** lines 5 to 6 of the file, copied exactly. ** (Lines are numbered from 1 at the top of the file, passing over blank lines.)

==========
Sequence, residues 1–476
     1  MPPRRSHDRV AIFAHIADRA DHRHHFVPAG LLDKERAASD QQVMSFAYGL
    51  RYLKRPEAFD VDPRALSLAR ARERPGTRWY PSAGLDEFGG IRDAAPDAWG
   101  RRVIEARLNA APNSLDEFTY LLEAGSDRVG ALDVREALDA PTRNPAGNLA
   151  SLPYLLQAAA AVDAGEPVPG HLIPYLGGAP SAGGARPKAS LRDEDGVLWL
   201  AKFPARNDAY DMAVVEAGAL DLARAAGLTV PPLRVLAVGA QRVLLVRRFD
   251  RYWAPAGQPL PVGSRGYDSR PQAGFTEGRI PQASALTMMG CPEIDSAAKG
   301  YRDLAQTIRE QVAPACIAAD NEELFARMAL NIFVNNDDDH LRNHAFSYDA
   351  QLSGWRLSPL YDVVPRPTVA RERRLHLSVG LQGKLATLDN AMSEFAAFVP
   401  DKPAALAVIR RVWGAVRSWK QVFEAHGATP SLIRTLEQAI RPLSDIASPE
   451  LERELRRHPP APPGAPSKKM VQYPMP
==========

   151  SLPYLLQAAA AVDAGEPVPG HLIPYLGGAP SAGGARPKAS LRDEDGVLWL
   201  AKFPARNDAY DMAVVEAGAL DLARAAGLTV PPLRVLAVGA QRVLLVRRFD